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Hi, 

I’m firing earthenware at 1050 C using a commercial Ferro glaze. 

I can’t seem to find a fix for this nasty drip marks when dipping.. In this particular case the specific gravity was 1.5, too high, recommended is 1.4. but even at 1.4 i’m getting drip marks.

My guess is the glaze is under flocculated, can someone correct me if i’m wrong? epsom salts probably don’t help, tried on a small batch, i guess theres little to no clay.

i’ve made it thixotropix by adding an additive similar to OPTAPIX G1308 (binder and flow agent). that made it a little better but not good enough.

I’d love to hear your thoughts on how to go about this issue.

 

https://imgur.com/gallery/odrmHGD

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Those nasty drip marks look like a slip texture on the cup...but if they are that persistent, I'd look for a different glaze to work with. I'm not a dipper, so I've never experienced this before. Have you fired any of the pieces yet? If not, give it a shot and see what you come out with. You might like the effect. If you have, what does it look like?

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Tony Hansen's suggestions https://digitalfire.com/4sight/library/thixotropy_and_how_to_gel_a_ceramic_glaze_73.html have been very helpful for me.

I use Epsom salts (or vinegar).

Have found that a good grip is also helpful, for it allows me to give the piece a downward shake and twist+flip to fling away gathering drips; from there I'll run any remaining drip around and around the rim ...once the glaze is set up, I'll wet a finger and smooth the drip (if any). Timing is important; practice helps. Be sure to stir before each application - that thin layer of more watery glaze at the surface will wreak havoc.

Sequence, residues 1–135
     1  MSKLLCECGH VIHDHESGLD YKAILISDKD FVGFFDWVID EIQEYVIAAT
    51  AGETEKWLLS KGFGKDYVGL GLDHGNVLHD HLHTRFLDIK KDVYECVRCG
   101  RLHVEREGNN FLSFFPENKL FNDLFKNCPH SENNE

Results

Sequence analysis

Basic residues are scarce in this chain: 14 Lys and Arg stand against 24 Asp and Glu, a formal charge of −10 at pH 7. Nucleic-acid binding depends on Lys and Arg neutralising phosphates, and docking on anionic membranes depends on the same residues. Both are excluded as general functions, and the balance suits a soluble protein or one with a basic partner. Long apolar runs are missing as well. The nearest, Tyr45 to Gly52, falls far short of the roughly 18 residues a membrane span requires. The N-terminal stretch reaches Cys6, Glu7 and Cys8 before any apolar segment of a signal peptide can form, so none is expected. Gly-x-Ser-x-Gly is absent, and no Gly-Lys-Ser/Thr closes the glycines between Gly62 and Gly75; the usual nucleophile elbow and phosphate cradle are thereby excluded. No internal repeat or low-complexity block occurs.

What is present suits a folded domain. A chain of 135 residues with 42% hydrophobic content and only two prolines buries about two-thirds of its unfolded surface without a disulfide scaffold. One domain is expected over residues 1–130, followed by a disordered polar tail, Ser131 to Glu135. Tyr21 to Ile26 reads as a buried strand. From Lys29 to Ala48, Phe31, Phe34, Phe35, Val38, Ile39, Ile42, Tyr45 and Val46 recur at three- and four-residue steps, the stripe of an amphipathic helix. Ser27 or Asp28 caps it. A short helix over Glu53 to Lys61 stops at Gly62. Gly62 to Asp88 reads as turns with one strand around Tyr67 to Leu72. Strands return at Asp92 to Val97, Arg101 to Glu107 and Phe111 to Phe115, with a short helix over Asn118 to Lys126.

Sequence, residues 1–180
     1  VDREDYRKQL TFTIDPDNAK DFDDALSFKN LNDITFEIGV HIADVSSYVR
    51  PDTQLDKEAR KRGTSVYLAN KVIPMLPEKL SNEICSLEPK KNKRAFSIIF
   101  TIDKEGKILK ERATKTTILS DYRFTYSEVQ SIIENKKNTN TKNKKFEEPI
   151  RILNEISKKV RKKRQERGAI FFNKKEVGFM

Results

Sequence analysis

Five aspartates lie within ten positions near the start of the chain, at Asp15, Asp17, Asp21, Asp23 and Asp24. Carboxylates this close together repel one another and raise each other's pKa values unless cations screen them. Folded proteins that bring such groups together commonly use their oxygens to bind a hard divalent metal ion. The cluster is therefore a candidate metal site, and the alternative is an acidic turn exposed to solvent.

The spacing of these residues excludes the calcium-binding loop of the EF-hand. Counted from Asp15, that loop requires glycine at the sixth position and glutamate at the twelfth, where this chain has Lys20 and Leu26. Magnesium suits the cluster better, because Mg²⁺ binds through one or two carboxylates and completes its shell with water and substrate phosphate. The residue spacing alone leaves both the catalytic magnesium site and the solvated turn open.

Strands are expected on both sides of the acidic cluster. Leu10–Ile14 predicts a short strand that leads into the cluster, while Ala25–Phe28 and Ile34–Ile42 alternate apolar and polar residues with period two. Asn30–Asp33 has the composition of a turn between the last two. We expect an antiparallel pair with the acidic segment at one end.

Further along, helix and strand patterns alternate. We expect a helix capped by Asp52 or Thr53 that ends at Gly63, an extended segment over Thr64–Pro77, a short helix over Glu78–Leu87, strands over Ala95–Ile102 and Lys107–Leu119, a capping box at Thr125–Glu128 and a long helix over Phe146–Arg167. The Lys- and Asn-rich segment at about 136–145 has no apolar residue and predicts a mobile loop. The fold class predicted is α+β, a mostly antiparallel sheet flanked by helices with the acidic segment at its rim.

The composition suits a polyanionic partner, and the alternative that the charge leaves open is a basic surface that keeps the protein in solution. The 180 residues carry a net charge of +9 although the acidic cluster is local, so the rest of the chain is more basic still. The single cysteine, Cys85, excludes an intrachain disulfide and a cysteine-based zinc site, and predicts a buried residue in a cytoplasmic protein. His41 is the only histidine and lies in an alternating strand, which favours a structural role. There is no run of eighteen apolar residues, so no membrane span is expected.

Good luck!

Edited by Hulk
two goods
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The specific gravity won’t affect how the glaze drips but the rheology, or how the glaze flows will. This is the thixotropy of a glaze, or lack thereof. While I am a fan of Tony Hanson, Sue Macleod is a much more thorough and effective teacher on this subject. Her explanations are far more approachable. She goes into more depth on how to troubleshoot and fix things. 
https://suemcleodceramics.com

Epsom salts would have been my first choice to fix a dripping issue. How much did you add, and was it thoroughly incorporated? Did you add your Epsom salts as dry material, or did you add them as a small amount of a super saturated solution?

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First, do the drips show after firing? With many glazes it's a non-issue, especially if you're layering and letting it run anyway. It looks to me like the glaze is simply too thick. Thin it out a little, then increase the dip time to compensate. In my studio, I mix the glaze so they're like a creamy chocolate milk consistency, then dip for 6 seconds. My glazes are a bit more watery than a lot of other studios that my students have worked in, but it gives them more control over the thickness of the application.

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For forms like those in the linked image I would pour the inside then hold the pot by the foot ring and dip the outside. Hold it upside down and slowly rotate the pot. Let any surplus glaze roll around the rim edge to avoid a drip when you turn it right side up. Touch up any spots where your fingers held the pot with a brush.

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2 hours ago, Callie Beller Diesel said: